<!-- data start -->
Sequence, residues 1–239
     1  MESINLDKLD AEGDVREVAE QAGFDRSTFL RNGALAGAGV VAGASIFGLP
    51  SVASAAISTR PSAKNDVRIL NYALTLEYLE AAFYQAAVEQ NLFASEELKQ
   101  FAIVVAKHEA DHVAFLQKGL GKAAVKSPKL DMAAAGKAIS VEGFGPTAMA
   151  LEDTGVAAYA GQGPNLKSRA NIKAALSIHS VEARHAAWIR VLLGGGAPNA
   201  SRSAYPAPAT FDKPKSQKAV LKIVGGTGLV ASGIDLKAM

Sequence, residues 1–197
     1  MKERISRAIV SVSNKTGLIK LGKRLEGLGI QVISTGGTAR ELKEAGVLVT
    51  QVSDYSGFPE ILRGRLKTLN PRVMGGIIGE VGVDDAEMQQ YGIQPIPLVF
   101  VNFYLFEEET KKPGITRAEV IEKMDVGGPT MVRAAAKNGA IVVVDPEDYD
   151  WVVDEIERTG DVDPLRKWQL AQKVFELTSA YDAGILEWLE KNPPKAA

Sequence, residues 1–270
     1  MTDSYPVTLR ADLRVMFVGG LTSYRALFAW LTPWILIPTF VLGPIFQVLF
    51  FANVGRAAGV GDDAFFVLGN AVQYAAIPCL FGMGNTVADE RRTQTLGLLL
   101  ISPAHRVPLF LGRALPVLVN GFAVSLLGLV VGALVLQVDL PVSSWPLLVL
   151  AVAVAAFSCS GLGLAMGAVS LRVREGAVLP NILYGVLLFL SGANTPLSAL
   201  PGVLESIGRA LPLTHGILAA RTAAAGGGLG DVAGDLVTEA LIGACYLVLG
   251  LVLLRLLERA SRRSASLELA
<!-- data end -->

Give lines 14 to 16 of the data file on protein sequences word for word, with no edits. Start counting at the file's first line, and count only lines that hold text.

    51  FANVGRAAGV GDDAFFVLGN AVQYAAIPCL FGMGNTVADE RRTQTLGLLL
   101  ISPAHRVPLF LGRALPVLVN GFAVSLLGLV VGALVLQVDL PVSSWPLLVL
   151  AVAVAAFSCS GLGLAMGAVS LRVREGAVLP NILYGVLLFL SGANTPLSAL